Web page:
Director: Ken Russell
Screenplay: Ken Russell
Based On A Novel By: Bram Stoker
Starring: Amanda Donahoe, Hugh Grant, Pete Capaldi, Catherine Oxenberg
Duration: 93 min
BBFC Certification: 18
Ken Russell was bonkers. I have no medical evidence of this, but there is the extensive catalogue of his films to back me up. They most certainly are an acquired taste – many people mind his films offensive or excessive, but I love (most) of them. Russell was a visionary with a great intellect and a wicked sense of humour and produced some great pieces of work such as The Devils, Tommy, Altered States and Crimes of Passion. It was the latter which proved too much for Hollywood, so during the second half of the 80s, Russell found himself back in the UK working with various independent companies, with whom he made four films – 1986’s Gothic, Salome’s Last Dance (1988), The Rainbow (1989) and also in 1988, Lair of the White Worm. Unavailable in the UK on DVD, Lair of the White Worm finally makes its debut on Blu-ray.
Very loosely adapted from Bram Stoker’s final novel, the plot finds an archaeologist, Angus Flint (played by Peter Capaldi) digging in land owned by Lord James d’Ampton (Hugh Grant). Local legend tells that Lord d’Ampton’s ancestor killed a giant snake-like monster centuries ago. Angus is staying in a boarding house ran by the Trent sisters, whose parents disappeared under mysterious circumstances a year earlier. When Angus digs up a large snake skull they start investigating the origins of it, and soon discover that it could be skull of the ancient monster known as the d’Ampton Worm. Soon, Lady Sylvia, an immortal priestess of a snake worshipping cult steals the skull and plans to commit human sacrifices to the worm.
Like The Devils, Russell once again explores the oppressive regime of Christianity and its attempts to stamp out indigenous religions. Lair of the White Worm refers to the common practice by the Christian Roman Empire of building monasteries or convents on pagan worship sites. When Eve Trent (Catherine Oxenberg) discovers a crucifix that has been covered in venom, she has a hallucination of Roman centurions raping nuns whilst Christ on the cross is embraced by the titular worm. This becomes all the more surreal as disorientating layers of visuals rapidly fire out of the screen looking like a lysergic episode of 80s TV show Max Headroom.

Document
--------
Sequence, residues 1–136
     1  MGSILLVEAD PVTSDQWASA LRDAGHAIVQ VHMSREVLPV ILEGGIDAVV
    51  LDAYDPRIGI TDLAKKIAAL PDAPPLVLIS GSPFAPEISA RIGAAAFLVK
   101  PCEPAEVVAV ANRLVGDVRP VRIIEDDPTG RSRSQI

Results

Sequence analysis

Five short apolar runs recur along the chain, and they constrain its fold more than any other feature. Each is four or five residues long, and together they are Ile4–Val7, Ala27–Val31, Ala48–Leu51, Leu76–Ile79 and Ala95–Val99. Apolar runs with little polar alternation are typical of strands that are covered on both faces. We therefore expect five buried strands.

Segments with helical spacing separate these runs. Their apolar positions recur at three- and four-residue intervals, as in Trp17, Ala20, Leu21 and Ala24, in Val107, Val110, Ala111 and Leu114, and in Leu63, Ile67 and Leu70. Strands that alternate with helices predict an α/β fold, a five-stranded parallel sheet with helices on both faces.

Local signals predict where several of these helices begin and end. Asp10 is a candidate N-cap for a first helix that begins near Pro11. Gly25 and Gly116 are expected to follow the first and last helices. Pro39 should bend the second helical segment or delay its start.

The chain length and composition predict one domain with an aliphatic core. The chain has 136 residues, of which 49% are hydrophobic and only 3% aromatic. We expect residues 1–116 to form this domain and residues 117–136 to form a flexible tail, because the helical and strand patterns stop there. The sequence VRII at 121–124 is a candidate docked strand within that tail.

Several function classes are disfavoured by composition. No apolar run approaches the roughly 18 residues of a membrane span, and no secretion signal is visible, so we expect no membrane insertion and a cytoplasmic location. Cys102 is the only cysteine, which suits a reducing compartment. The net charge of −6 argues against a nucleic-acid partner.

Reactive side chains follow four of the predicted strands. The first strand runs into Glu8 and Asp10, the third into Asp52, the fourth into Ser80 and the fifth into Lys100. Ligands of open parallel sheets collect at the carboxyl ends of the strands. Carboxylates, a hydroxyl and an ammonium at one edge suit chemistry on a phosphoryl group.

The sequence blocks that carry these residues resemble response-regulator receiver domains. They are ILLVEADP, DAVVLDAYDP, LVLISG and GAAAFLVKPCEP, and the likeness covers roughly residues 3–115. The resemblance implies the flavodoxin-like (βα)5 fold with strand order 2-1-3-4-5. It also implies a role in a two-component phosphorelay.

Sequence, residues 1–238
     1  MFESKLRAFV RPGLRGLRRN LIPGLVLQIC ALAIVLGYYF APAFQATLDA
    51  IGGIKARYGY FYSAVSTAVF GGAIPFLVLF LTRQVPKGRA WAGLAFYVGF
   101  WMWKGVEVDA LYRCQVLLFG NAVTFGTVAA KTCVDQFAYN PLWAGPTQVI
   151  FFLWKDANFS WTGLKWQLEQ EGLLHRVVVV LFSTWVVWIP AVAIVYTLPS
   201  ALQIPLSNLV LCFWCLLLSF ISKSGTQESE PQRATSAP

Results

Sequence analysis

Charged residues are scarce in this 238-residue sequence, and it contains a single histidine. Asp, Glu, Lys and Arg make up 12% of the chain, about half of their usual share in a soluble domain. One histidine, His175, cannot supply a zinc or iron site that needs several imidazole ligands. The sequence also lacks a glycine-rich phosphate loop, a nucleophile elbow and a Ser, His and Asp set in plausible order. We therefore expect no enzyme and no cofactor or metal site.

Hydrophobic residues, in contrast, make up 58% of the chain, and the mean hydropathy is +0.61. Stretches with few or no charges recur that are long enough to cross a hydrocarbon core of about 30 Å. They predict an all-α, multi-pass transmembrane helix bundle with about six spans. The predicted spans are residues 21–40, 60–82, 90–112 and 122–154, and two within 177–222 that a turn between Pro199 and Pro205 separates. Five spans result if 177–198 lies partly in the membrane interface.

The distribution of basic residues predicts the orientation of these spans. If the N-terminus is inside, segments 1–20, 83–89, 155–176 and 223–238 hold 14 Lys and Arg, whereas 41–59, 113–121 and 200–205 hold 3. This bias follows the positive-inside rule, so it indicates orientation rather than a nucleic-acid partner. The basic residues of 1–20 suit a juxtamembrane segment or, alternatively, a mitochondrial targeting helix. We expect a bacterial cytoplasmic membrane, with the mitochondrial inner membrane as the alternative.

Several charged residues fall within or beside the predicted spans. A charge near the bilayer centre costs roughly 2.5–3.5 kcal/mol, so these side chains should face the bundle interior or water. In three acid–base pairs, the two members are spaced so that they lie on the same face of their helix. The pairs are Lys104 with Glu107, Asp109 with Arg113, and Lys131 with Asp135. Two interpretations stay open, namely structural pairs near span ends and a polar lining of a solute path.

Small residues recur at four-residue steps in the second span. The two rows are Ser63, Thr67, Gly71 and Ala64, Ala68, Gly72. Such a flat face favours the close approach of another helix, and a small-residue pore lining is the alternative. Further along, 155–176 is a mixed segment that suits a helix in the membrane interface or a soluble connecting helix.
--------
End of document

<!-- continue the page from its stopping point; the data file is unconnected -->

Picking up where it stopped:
True to form, Russell hits the viewer with even more bizarre scenes, from nuns impaled on spikes whilst Amanda Donahoe’s Lady Sylvia licks their blood from a spear-like dildo, to a frankly cringe worthy dream sequence involving Hugh Grant. Lord d’Ampton, after falling asleep under a painting of the worm’s slaying, dreams that he enters the cave in the artwork. Inside he finds a private jet, which he boards and is greeted by Sylvia and Eve dressed as air hostesses (if Ann Summers provided their uniforms). Before long both ladies are wrestling in the gangway, stocking tops on show much to the obvious delight of Lord d’Ampton and his biro (watch it – you’ll understand what I mean!).
Capaldi appears to be having fun in his role playing it relatively serious, but with a knowing wink to the camera. Hugh Grant on the other hand, seems to be bemused by it all. The Trent sisters are hopelessly miscast – Sammi Davis gives one of the most stilted performances I’ve seen in quite some time and Catherine Oxenberg, fresh from Dynasty, delivers an awful northern accent that I’m not entirely sure hasn’t been dubbed in post-production. The film belongs to Amanda Donohoe, who vamps her way through it effortlessly, delivering lines that would make Sid James blush.
Lair of the White Worm is pure cheesy fun with some horrific set pieces and plenty of gore. Its actors give over top performances and Russell provides plenty of demented visuals that wouldn’t look out of place in an 80s heavy metal video. It won’t be for everyone, but if you go in with an open mind and are not easily shocked, a little kitschy gem awaits you.
Lair of the White Worm is released on Blu-ray by Vestron Video and includes the following special features:
Commentary with director Ken Russell
Commentary with Lisa Russell, in conversation with film historian Matthew Melia
Worm Food: The Effects of The Lair of the White Worm ‐ Special effects artists Geoff Portass, Neil Gorton, and Paul Jones talk about the production including the joy of working with Russell, the on-set chaos, and the various challenges of creating the puppets and other practical effects.
Cutting for Ken ‐ Editor Peter Davies shares the excitement and reality of working with Russell.
Trailers from Hell featuring producer Dan Ireland
Mary, Mary ‐ Sammi Davis recalls the production and how much she loved working with Russell.